Armour is measured with respect to two main factors: The raw thickness of the armour plate, and also the slope of the armour. (Another is the hardness factor, but this is not modelled). This latter is important for two reasons: Firstly, it increases the chance of a ricochet, and more importantly, it effectively makes the armour thicker.

Here’s a pictorial example:

(Note that different countries measure slope differently. In this example, the measurement is from the vertical. Some statistics measure from the horizontal, so instead of ‘0’ read ’90.’ When comparing sources, be sure to verify their reference plane)

The actual effect is a little more complicated, due to the tendency of AP shells to turn into the plate upon impact (“Normalisation”), but you can see the gist of it. The more a plate is sloped compared to the trajectory of the shell, the harder it is for the shell to penetrate, and this effect increases exponentially the more it is sloped.

The mathematical equation for this is as follows: Thickness of the plate divided by the co-sin of the angle from impact trajectory. So, the example for the case of a 100mm piece of plate at a 20° slope from vertical with the shell trajectory being parallel to the ground: 100\cos(20) = 106.4

The practical result of all this is that a gun capable of penetrating a tank without notable sloped armour (eg Pzkfpw III with 70mm) may not be capable of penetrating a tank which has less armour, but is sloped (eg T-34 with 45mm)

Now that you know the effect of slope on armour, you can use this information both offensively, and defensively.

In the defense, use inclines found on the terrain to artificially induce slope. For example, if you can position yourself on a 20° ramp or hillside, your vertical, unsloped armour suddenly has a 20° angle to enemies which are at the same elevation to you. If you already had armour sloped at 30°, that 20° just dramatically increased the effective slope to 50°, with the accompanying exponential increase in effective armour thickness.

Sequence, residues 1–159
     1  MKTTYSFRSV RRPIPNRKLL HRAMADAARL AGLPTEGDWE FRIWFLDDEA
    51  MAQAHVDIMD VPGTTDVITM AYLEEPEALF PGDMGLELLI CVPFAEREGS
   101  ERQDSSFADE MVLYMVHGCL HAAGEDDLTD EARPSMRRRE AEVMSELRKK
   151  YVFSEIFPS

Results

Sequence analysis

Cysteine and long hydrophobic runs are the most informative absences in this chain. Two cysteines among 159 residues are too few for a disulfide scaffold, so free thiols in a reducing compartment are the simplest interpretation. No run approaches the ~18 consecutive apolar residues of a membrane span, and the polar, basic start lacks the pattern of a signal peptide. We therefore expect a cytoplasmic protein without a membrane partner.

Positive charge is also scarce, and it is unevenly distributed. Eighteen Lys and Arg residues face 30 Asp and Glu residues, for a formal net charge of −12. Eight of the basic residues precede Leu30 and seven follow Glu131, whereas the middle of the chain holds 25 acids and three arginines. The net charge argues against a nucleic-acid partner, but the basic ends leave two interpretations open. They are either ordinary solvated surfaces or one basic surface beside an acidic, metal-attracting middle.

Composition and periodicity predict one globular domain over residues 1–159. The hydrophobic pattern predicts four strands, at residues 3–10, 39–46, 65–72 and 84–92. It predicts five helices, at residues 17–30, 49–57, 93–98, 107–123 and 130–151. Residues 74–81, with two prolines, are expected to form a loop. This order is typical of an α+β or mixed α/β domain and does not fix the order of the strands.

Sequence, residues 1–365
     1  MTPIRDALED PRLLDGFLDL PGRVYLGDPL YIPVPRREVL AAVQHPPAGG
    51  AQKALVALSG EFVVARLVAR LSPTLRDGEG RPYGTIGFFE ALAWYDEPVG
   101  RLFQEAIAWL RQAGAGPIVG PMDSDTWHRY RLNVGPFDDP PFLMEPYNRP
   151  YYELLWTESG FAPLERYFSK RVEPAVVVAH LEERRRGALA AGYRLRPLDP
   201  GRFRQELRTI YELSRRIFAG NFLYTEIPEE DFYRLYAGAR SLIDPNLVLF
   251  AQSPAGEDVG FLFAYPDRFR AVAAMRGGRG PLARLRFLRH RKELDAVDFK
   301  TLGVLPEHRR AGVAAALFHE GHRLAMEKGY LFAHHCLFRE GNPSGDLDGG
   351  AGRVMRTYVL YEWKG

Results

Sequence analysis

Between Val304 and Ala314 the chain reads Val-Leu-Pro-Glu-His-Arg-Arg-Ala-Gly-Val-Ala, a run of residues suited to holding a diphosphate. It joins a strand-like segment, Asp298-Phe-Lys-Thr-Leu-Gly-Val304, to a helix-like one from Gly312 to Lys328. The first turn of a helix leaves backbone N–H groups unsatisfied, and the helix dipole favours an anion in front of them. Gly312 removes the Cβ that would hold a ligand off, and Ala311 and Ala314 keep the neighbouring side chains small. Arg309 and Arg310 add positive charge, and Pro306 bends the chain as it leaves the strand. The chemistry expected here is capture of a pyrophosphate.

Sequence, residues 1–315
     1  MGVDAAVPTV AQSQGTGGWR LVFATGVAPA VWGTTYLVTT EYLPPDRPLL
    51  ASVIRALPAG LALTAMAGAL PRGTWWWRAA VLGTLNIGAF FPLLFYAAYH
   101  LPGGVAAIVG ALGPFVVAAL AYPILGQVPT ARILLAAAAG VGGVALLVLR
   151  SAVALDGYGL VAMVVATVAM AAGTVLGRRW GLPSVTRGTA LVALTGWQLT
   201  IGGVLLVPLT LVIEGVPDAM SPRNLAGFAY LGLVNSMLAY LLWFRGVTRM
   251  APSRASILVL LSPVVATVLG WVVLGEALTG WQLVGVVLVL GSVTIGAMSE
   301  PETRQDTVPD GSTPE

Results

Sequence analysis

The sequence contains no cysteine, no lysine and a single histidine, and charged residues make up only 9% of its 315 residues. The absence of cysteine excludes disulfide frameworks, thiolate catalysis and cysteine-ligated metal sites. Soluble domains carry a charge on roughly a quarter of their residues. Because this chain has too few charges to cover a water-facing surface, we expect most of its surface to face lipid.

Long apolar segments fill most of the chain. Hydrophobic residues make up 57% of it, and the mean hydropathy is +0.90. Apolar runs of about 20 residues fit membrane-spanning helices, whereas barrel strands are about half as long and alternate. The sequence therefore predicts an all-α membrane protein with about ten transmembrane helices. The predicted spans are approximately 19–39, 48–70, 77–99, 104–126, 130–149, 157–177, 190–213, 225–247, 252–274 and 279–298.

Here’s an example by the numbers.

Let’s say we have a tank whose glacis (Upper front slope) is 45mm, steeply sloped at 60 degrees. Our formula gives an effective armour equivalence of 90mm. The tank driver finds a hill which has a slope of 10 degrees. Relative to the enemy vehicle, this armour plate is now sloped at 70 degrees. Plugging into the calculator, that gives us an effective thickness of 131mm. The benefit of the mere ten degree slope in this situation should be obvious.

What if you find yourself on a piece of flat terrain where you cannot find a ramp to increase your vertical slope? All is not lost. You may not be able to affect the vertical angle of incidence, but you can affect the horizontal angle of incidence. Or, in plain English, if you can’t point your tank up or down, point it sideways.

No horizontal slope____________Induced horizontal slope

There’s usually not much you can do about your turret: You will obviously be forced to point your cannon at your target, so the target will similarly have a good perpendicular angle on the front of your turret. (If you have a long reload time, consider traversing a little until reload is nearly complete)

However, if your hull is visible to the target, rotate it a small bit. Not too much, as you don’t want to make vulnerable your weak side hull armour, maybe 15-20 degrees or so at the most for a typical engagement, unless you are firing around cover and the hull is protected. This will increase the effective armour thickness in the exact same armour as slope from the vertical does as described above. Remember that although your effective front hull armour thickness will increase exponentially the more you rotate the hull, your effective side armour thickness will decrease exponentially, plus it becomes an easier target.